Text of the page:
Duo hoping for clear skies on talk show

Berk, Pann to say lots about the weather

April 09, 2005|By Rob Hiaasen | Rob Hiaasen,SUN STAFF

Everybody talks about the weather, but nobody does a radio talk show about it.

Enter weather dudes Tony Pann and Justin Berk - forecast-swapping friends and now hosts of a new weekly radio call-in show, Weather Talk. Beginning tomorrow, the one-hour show will air on WCBM-AM 680 at 3 p.m.

Be still our beeping Doppler radar.

Radio listeners might ask, do we need a weekly talk show about weather? Don't we already have The Weather Channel? Didn't Bob Dylan famously sing, "You don't need a weatherman to tell you which way the wind blows"?

Of course, Dylan never forecast snow in Baltimore only to be wrong or, more likely, not entirely accurate.

"People love to spew venom at weather people," says Pann, a meteorologist at WUSA-TV in Washington and formerly at WBAL-TV in Baltimore.

It's impossible to forecast when obscene venom might be coming your way on the radio, so the show will air on a seven-second delay.

At least, local weather forecasters don't face fines: Moscow's mayor recently vowed to fine the city's weather service for what he called blown forecasts. In the United States, forecasters who ruin our weekends are merely tarred and feathered for a day or two.

"It's the one or two forecasts you miss that everyone remembers," says Berk, a meteorologist at WMAR-TV in Baltimore.

Both men believe there will be no shortage of callers or topics. They might play snatches of weather songs from "Stormy Weather" to "Have You Ever Seen The Rain?" They'll have a personal forecasting segment for people wanting to know if it will be a good day to boat or golf or whatever. If all politics is local, all weather is, well, local, too.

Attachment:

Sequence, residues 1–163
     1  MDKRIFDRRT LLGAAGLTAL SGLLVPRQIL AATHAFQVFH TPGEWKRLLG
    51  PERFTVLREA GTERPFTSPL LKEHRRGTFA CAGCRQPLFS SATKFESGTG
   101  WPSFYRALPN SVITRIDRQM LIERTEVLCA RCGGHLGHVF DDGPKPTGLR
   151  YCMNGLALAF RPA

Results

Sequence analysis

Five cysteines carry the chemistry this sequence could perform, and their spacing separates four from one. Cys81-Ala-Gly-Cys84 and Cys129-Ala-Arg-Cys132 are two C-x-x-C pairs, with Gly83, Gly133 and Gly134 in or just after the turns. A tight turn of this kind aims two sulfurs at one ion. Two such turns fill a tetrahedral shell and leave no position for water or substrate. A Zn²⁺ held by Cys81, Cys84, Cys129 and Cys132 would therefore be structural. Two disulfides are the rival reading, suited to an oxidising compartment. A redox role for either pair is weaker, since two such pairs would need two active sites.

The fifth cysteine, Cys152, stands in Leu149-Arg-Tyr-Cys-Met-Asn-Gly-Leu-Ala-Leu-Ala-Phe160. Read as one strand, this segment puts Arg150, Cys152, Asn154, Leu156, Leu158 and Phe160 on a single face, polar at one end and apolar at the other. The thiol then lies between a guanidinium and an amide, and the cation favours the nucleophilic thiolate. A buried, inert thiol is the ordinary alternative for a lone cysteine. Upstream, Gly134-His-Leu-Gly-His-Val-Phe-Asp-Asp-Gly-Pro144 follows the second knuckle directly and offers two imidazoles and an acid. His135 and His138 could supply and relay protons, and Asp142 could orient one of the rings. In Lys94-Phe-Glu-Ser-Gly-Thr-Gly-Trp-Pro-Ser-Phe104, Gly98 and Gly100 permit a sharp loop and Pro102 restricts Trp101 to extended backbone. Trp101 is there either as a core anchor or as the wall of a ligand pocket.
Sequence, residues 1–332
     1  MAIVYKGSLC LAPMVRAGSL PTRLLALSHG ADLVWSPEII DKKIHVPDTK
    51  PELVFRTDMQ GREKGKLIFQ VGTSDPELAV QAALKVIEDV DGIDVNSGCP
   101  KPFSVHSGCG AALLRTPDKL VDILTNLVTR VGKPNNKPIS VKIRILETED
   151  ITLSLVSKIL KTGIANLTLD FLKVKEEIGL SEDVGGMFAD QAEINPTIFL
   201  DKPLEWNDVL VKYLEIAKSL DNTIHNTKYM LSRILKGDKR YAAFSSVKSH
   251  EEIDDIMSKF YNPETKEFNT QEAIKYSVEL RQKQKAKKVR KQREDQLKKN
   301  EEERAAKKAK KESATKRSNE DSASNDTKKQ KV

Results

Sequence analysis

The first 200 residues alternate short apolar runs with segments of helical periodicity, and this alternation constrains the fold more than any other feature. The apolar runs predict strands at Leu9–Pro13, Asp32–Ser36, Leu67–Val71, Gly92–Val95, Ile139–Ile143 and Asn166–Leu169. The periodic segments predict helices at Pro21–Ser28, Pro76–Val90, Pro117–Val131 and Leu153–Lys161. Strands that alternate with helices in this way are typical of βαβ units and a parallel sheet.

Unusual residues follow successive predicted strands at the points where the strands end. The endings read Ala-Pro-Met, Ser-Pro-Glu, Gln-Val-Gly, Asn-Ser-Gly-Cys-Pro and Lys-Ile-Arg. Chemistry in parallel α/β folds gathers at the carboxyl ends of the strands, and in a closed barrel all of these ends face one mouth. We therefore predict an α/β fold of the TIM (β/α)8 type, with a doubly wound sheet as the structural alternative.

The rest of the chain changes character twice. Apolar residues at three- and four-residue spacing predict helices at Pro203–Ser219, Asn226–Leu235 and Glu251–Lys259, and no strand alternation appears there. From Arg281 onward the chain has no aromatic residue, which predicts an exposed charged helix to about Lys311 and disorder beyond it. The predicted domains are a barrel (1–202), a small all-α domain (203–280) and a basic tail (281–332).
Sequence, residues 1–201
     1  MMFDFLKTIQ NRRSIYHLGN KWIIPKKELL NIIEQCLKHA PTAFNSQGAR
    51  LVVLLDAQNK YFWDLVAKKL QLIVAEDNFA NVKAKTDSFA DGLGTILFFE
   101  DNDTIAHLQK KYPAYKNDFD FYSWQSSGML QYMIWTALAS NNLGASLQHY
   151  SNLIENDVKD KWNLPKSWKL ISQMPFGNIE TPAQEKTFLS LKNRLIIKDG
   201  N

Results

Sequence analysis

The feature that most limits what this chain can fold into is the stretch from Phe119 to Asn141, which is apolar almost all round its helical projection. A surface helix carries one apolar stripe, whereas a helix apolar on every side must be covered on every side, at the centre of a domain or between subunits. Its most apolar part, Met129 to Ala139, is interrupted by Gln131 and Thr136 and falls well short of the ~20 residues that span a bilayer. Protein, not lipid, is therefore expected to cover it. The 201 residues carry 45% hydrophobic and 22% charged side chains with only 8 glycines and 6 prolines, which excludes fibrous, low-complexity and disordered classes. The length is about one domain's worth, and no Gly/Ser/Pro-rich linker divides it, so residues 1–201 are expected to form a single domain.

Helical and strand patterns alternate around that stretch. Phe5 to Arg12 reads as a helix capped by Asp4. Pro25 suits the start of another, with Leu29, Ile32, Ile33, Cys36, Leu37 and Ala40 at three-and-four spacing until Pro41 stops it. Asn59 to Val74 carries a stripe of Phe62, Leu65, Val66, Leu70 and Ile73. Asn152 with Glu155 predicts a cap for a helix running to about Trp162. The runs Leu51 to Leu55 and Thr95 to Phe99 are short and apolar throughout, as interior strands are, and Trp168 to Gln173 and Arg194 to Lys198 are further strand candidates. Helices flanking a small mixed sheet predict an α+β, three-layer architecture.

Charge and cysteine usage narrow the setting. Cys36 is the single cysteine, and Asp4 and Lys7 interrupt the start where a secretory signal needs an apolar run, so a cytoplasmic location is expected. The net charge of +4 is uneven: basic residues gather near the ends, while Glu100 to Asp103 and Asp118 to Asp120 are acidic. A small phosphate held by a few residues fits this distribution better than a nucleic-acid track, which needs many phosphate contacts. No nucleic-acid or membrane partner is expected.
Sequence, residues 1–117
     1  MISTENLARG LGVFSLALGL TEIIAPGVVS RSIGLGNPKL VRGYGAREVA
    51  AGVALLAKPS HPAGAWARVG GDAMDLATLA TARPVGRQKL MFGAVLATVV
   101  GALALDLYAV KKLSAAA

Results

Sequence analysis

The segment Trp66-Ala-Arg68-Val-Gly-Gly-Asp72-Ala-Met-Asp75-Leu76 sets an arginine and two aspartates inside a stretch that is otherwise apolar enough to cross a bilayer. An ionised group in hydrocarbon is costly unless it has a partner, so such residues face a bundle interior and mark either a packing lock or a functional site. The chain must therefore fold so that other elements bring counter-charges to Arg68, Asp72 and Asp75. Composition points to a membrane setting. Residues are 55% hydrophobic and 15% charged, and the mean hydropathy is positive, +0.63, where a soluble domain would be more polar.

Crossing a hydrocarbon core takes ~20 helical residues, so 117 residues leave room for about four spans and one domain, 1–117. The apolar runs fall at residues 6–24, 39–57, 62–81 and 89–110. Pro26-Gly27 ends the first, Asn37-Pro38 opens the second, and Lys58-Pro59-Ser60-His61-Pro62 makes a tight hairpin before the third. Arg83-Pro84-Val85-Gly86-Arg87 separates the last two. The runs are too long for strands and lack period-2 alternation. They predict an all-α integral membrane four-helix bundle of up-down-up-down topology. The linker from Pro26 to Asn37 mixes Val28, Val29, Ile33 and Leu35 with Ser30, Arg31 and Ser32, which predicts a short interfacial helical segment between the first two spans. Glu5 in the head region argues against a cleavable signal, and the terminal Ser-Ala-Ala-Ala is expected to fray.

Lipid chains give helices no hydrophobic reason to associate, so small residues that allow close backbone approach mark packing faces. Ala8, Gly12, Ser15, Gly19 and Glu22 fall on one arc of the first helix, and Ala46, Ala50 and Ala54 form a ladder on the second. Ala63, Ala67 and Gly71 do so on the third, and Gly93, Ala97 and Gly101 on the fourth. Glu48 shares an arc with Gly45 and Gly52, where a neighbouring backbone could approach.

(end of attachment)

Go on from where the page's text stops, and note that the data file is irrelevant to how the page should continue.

Pann and Berk (sounds like a magician's team) will take on the cosmic questions, such as: what is the difference between partly sunny and partly cloudy? We thought they'd never ask. Partly sunny means there are more clouds than sun; partly cloudy is more sun than clouds. Yes, it sounds backward, and, yes, the person who came up with that should be fined.

On their inaugural show, they plan to deconstruct the myth that all weather forecasts come from one omnipotent source. Listeners will get an insider's look at forecasting computer models: what they are, how they are used and how they can be wrong or wrongly interpreted.

"Computer models have biases," Pann says. "You need a meteorologist to throw his two cents into what the computer is thinking."

The success of their show - or any radio show with hosts - will rest not only on mercurial subject matter but also on their chemistry. Pann considers himself a more conservative forecaster - "a sunny, calm day," if you will. "Justin is more like scattered thunderstorms with wind gusts of up to 60 mph," Pann says.

"He said that? Well, he might think I am stormy and more hungry for snow than he is," Berk says from his respective cell phone. "Tony is going to try to make himself look like the better forecaster."

They are starting to sound like the ghosts of Siskel & Ebert. But these guys are friends, really, just a couple of "battling weather dudes," as Pann says.

And just in case Weather Talk gets too stormy, there's that seven-second delay. Time enough to chill out.

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